Once they’ve hooked you, they’ll go to great lengths to stop you from extricating yourself.
Friends and family members are the first to notice your behavior has changed. They may tell you that you haven’t been around as much, that you seem distant around them, and that you don’t seem entirely yourself.
If you’re deep in the narcissist’s games, you may not agree with those you love, but once you start to see through their behavior, those messages from your friends and family members will begin to make a lot of sense.
3. You feel shame
As mentioned earlier, narcissists are skilled manipulators.
Gaslighting is just one tool they use to manipulate others. Another tactic is to play on people’s emotions.
Narcissists understand the mechanics of human behavior and how ‘negative’ emotions can be used for control.
A narcissist may know your feelings like guilt and shame and use those against you.
The result is that you behave differently. You stop doing activities you like, such as meeting your friends on the weekend, because the narcissist makes you feel guilty about abandoning them.
You might dress differently because the narcissist feels insecure about how much skin you’re showing and uses shame to persuade you to cover up.
4. You feel isolated
The narcissist wants excessive admiration and adoration.
They won’t want to let you go if you’re close to them. They want your attention and praise but are unlikely to offer the same in return unless they want something.
Eventually, you start to feel isolated from others in your life.
You give the narcissist the attention they want, but it drains you, and you feel disconnected from the people in your life who are good for you.
Dating a narcissist can also make you feel isolated within the relationship. Narcissists are takers, and you may feel like you’re not appreciated for all you do.
5. Your mental health declines
The gaslighting, doubt, confusion, isolation, and stress from dating a narcissist can seriously affect your mental health.
Many people feel so exhausted in their relationship with a narcissist that they burn out, become more anxious or depressed than usual, or use substances to cope.
Romantic relationships are inherently a place of vulnerability and sensitivity to one another.
A narcissistic partner’s behavior can be subtle but damaging to your well-being.
They are skilled manipulators and are likely to take any chance to make you feel guilty or ashamed if it means they will benefit somehow.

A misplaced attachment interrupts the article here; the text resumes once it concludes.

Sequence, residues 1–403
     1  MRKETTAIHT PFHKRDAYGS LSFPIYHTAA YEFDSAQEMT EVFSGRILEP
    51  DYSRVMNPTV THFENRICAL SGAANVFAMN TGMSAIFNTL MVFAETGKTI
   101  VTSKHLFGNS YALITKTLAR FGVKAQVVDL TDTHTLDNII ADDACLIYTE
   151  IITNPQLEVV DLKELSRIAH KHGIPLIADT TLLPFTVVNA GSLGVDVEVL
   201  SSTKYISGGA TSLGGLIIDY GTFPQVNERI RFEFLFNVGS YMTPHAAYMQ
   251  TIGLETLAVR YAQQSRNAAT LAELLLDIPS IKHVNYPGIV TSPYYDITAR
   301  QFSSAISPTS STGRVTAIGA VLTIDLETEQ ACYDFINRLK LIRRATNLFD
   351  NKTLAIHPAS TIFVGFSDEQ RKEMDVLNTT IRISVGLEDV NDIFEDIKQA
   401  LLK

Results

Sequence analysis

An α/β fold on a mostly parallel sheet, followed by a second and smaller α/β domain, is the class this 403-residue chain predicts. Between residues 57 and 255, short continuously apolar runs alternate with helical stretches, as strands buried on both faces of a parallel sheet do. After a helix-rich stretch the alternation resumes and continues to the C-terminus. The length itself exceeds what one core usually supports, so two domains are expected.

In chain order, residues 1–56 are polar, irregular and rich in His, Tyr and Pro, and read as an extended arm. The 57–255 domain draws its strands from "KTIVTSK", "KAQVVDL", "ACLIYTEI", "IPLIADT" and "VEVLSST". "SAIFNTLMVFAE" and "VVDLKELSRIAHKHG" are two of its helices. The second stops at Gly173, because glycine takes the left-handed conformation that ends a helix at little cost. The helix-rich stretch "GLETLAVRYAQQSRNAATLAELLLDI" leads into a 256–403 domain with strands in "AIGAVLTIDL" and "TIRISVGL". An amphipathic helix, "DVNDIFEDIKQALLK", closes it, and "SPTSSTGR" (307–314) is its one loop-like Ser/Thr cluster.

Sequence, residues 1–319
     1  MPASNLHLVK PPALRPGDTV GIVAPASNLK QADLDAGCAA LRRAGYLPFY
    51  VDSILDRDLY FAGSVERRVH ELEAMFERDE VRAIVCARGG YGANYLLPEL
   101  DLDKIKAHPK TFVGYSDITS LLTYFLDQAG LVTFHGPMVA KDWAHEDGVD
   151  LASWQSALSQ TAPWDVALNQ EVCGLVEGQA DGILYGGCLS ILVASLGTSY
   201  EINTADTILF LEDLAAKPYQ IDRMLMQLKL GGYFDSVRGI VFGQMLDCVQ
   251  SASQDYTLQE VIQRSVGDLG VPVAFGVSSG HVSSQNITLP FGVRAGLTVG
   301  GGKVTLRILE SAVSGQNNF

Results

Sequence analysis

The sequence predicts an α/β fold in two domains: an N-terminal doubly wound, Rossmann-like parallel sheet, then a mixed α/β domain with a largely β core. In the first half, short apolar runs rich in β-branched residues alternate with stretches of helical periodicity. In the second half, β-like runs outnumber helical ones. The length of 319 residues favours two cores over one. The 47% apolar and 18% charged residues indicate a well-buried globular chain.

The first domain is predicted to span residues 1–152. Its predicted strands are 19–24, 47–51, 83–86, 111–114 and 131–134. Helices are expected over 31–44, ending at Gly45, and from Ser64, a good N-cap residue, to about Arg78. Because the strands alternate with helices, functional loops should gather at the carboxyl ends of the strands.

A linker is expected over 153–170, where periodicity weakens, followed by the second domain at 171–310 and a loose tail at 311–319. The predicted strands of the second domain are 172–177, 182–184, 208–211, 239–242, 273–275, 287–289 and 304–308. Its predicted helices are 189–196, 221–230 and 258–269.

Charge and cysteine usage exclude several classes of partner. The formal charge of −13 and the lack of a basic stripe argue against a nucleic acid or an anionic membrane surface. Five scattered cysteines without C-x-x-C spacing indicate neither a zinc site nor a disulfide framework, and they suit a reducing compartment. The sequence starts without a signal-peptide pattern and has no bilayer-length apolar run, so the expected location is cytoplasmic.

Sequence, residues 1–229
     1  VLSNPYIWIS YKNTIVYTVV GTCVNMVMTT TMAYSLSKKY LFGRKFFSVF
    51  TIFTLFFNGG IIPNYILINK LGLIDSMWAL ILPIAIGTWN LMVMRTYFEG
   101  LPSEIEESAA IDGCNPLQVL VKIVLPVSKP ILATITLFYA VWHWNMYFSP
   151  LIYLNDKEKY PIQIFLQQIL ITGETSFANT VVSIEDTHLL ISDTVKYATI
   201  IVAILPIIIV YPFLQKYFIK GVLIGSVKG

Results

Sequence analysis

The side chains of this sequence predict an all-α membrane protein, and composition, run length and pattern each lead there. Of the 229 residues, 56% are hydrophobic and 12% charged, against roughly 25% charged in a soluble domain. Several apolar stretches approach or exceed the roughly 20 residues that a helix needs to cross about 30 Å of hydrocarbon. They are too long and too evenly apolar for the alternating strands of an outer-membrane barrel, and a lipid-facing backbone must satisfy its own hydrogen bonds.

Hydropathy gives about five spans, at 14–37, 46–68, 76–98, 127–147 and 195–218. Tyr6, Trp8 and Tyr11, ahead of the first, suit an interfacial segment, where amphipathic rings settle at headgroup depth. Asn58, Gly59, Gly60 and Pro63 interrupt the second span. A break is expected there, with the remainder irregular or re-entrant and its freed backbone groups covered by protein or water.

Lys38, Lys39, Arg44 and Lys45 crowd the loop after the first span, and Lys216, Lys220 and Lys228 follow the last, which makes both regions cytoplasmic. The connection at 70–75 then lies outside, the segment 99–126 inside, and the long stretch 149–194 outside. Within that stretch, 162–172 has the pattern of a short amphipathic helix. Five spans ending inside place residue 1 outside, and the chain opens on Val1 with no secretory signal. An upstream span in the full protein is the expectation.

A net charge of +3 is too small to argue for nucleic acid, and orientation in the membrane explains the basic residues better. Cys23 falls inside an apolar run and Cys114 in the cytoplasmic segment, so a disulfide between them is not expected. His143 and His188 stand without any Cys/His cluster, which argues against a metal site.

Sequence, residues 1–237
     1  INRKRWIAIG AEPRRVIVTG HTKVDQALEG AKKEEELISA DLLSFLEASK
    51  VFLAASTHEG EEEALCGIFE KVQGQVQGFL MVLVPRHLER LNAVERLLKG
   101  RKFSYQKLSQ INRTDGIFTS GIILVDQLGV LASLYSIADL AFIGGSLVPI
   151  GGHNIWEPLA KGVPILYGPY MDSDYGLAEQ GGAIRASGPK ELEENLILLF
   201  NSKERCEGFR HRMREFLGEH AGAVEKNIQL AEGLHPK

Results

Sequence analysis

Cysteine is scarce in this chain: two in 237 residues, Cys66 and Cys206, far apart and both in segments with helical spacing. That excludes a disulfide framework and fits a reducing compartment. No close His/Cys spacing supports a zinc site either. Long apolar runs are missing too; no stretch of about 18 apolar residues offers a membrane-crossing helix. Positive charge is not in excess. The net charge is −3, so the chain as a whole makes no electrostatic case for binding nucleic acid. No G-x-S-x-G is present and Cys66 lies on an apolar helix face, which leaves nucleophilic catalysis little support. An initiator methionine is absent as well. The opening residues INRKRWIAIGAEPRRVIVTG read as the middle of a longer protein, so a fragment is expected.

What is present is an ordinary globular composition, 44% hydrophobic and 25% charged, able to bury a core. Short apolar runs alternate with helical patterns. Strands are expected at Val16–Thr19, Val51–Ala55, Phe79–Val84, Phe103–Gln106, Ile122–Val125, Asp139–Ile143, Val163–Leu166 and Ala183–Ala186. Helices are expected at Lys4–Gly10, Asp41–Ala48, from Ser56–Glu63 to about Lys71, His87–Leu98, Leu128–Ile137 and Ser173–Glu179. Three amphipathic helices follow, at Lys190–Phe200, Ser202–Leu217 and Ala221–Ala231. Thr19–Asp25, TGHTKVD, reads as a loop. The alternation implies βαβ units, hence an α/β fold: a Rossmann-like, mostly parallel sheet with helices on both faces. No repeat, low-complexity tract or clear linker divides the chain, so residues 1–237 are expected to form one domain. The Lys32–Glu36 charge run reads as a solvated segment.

A narcissist is not a safe person to be with because, very often, they disregard the psychological safety and well-being of others.
Positive aspects of dating a narcissist
Dating a narcissist can have a detrimental effect on your mental health.
It can lead to feelings of guilt and shame, confusion, self-doubt, and low self-worth. These are all serious issues and can deteriorate your mental health if not taken care of in good time.
However, despite all the negative consequences of dating a narcissist, there is a positive spin.
Experiencing a romantic relationship with someone who manipulates you, emotionally abuses you, and never takes responsibility can teach you some valuable life lessons.
1. You learn about the importance of boundaries
The only way to deal with a narcissistic partner is to set firm boundaries. If you’re not great with boundaries before entering a narcissistic relationship, you will know much about their importance afterward.
Many ex-partners of narcissists come to a sense of gratitude for the experience.
Were it not for their toxic relationship with that person; they may not have learned how to set boundaries in their future relationships and fallen into another toxic situation.
Boundaries are essential when dealing with narcissists because they will take advantage of you if you let them.
It’s not until you set healthy, firm boundaries and follow through with them that the narcissist realizes they can’t control you anymore.
2. You see who your real friends are
Victims of narcissistic abuse, later on, realize that they have neglected their friends. How can one forget about the people who love them so much?